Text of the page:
On the 10th day of this New Year, if the governor and leaders of the Legislature don’t get it together by signing letters that brings New Mexico licenses into conformity with federal law, neither documented nor undocumented residents in this enchanted land may be able—let alone licensed--to do much of anything.

© 2015 NEW MEXICO NEWS SERVICES            12/21/15
Ethics overdue at the SOS shop
By Hal Rhodes
Upon Reflection
    With former state Secretary of State Dianna Duran in the Hoosegow for the holidays, New Mexicans should seize the moment by demanding their legislators, who convene at the Roundhouse next month, to undertake reforms of the state’s wobbly campaign finance reporting “system,” so-called. 
     As secretary of state, Duran was supposed to be New Mexico’s top ethical watchdog dog of such matters, and the woes that put her behind bars are a testament to how faithless she was to that charge.
     Her idea of “reporting” on her own campaign finances was to transfer contributions to her political campaigns over to her personal bank accounts to cover casino gambling debts that otherwise would have gone unpaid. 
      It took the state’s attorney general to blow the whistle on that sleight of hand hanky-panky. 
      The 2016 Legislature will be a “short” 30-day session, constitutionally limited to budgetary and money matters, but among a number of campaign finance reforms to enjoy grassroots support in New Mexico is a proposal to establish a nonpartisan independent agency with sufficient funding to investigate conflicts of interests and other sordid misconduct.
     If the Dianna Duran caper taught us nothing else it is that an incumbent secretary of state can become his or her own conflict of interest. An independent commission looking over the shoulders is used in other states and has proved to be a corrective to such mischief.
     Gov. Susana Martinez has already filled the vacancy at the secretary of state’s office created by the resignation Duran after her legal problems made it clear that she was not going to survive the storm.
     Brad Winter was just elected to a fifth term on the Albuquerque City Council, which is simply to note that he’s an old political warhorse in the Duke City. He was also, briefly, acting superintendent of the Albuquerque Public School system after the person hired for that job walked out.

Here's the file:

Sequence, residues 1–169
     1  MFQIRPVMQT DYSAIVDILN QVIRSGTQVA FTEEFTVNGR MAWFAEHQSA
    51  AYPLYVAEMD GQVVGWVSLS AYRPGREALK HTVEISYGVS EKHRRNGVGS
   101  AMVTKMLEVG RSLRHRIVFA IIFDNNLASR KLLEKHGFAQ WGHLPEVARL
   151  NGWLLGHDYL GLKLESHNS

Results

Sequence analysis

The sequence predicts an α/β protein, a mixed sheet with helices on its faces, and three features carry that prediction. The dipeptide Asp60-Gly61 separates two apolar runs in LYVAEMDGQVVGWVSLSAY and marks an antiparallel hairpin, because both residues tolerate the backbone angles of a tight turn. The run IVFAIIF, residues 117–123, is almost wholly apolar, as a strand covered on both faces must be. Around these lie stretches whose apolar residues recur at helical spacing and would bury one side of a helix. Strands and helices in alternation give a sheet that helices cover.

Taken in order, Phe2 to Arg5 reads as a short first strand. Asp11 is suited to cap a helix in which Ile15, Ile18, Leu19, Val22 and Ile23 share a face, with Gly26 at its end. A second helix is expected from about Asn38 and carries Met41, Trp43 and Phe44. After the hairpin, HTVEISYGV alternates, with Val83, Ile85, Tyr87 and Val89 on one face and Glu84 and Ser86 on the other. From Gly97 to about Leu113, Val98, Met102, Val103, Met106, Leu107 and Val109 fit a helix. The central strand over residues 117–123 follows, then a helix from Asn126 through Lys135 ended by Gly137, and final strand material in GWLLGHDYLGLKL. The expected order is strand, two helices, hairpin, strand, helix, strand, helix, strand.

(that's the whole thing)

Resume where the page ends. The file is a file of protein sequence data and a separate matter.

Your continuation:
In appointing Winter as secretary of state, Martinez praised his “integrity, skills and temperament” for the job.
     The appointment, however, almost immediately raised eyebrows. Currently the longest-serving member of the Albuquerque City Council – five terms are nothing to sneeze at—Winter’s political longevity stems in part from the very safe and very Republican Northeast Heights district he has represented at City Hall for over a decade and a-half.
     He is, in short, a part of the central New Mexico Republican political establishment, which is to say part of the New Mexico Republican Party establishment.
    His wife, Nann Winter, is an attorney and was appointed to the New Mexico Finance Authority by Martinez in 2012. She now serves as general counsel to the Albuquerque/Bernalillo County Water Utility Authority.
     In short, New Mexico’s new secretary of state is something of a fixture in the state Republican Party consortium; he is also on the best of terms with the state’s Republican governor.
   Which is why some of those aforementioned raised eyebrows that greeted Secretary Winter’s appointment came to arch.
      Going into his campaign for a fifth City Council term, even though his re-election was virtually assured, Winter apparently felt the need to hire a campaign consultant to prepare for the election, which was held this past October. The consultant he hired (for just under $30,000) turned out to be none other than Jay McCleskey, Susana Martinez’s celebrated political guru and factotum, who is reportedly under FBI investigation at the present time.